Monday, August 22, 2016

TechSavvy: Delta’s Digital Black Swan

MIT Sloan Management Review, August 22, 2016

by Theodore Kinni

Black Swan
Condolences if you were flying — or more accurately, not flying — on Delta last week. As the tally of cancelled and delayed flights climbed into the thousands, Nick Taleb came to mind — you know, the Black Swan guy. Taleb wrote that black-swan events have three characteristics: “rarity, extreme impact, and retrospective (but not prospective) predictability.”

I don’t know if the power failure at Delta — and the chain of unexpected events that followed it — qualifies as a black swan by Taleb’s standards, but it must have felt that way to CEO Ed Bastian. The day after the failure, he apologized for the second time and ruefully explained that over the past three years, Delta has invested “hundreds of millions of dollars in technology infrastructure upgrades and systems, including back-up systems, to prevent what happened yesterday from occurring.”

Delta isn’t the only airline whose systems have crashed recently, and with more and more companies integrating their systems, it seems like a good bet that digital black swans may become more and more common. In an article for CIO Dive, associate editor Naomi Eide offers some lessons from Delta for companies hoping to avoid similar events. First, she says, beware centralized control points, because when they go down, everything goes down. Regionally dispersed control centers are more expensive, but more robust. Second, ensure redundancy measures are in place and test them regularly. Third, practice recovery plans and responses to worst-case scenarios.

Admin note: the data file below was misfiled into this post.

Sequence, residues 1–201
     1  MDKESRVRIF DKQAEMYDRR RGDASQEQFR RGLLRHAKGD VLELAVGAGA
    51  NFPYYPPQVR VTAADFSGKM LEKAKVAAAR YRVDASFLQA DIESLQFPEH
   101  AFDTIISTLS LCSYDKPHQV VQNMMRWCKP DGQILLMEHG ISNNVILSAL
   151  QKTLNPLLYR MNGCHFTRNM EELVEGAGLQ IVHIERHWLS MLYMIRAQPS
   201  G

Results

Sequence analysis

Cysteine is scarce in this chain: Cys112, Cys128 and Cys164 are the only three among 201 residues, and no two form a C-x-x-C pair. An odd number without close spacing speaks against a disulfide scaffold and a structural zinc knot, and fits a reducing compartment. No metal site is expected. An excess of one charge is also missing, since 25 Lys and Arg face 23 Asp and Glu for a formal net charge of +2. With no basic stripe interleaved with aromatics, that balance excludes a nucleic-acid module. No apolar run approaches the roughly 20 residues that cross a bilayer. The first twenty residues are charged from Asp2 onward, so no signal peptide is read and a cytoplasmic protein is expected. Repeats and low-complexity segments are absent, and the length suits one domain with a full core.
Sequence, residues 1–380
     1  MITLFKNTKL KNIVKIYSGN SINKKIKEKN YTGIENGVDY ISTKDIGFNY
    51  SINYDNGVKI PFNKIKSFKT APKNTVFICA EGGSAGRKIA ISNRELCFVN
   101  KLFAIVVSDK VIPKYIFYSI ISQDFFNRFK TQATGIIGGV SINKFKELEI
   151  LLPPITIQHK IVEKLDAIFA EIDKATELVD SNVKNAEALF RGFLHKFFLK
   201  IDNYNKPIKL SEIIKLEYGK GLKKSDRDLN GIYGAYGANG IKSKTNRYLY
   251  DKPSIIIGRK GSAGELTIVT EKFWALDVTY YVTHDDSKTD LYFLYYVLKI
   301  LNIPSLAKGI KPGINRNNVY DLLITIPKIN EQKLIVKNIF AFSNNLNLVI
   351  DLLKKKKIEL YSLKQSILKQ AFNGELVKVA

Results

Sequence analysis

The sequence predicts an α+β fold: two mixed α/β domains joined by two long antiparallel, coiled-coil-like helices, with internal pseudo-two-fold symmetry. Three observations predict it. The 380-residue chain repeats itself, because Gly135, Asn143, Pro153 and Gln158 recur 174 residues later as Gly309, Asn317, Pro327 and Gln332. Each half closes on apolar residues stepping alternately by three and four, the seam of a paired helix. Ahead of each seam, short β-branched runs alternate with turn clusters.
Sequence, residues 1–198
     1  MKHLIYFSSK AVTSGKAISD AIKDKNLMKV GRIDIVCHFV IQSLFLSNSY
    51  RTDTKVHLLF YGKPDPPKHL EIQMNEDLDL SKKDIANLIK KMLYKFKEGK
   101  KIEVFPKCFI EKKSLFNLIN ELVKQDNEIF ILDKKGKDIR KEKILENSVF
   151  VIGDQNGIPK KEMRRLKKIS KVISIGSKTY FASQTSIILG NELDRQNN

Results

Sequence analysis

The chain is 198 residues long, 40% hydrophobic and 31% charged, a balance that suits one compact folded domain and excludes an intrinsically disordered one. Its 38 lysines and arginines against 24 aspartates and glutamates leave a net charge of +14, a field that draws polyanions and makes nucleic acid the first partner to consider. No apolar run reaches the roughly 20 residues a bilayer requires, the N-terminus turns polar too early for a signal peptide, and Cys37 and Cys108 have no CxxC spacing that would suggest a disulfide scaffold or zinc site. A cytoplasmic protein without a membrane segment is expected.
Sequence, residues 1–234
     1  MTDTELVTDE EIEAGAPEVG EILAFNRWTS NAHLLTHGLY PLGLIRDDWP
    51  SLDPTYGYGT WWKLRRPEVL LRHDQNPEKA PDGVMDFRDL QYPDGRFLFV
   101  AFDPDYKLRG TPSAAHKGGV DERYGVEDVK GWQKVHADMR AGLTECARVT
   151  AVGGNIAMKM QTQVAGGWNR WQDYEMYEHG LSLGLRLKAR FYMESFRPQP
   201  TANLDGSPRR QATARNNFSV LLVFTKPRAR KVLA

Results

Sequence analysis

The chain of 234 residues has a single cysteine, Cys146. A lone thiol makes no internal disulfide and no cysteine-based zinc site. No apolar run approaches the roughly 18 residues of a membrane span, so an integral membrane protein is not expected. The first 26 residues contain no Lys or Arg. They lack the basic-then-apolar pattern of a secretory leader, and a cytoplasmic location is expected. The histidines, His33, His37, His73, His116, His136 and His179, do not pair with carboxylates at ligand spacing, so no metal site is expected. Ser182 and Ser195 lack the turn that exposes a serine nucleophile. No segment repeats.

All of this still may not be enough to save your company from a true black-swan event; Taleb made a pretty strong case that they will be with us always. But it may be enough to avoid the growing numbers of gray ones. Read the rest here.

No comments: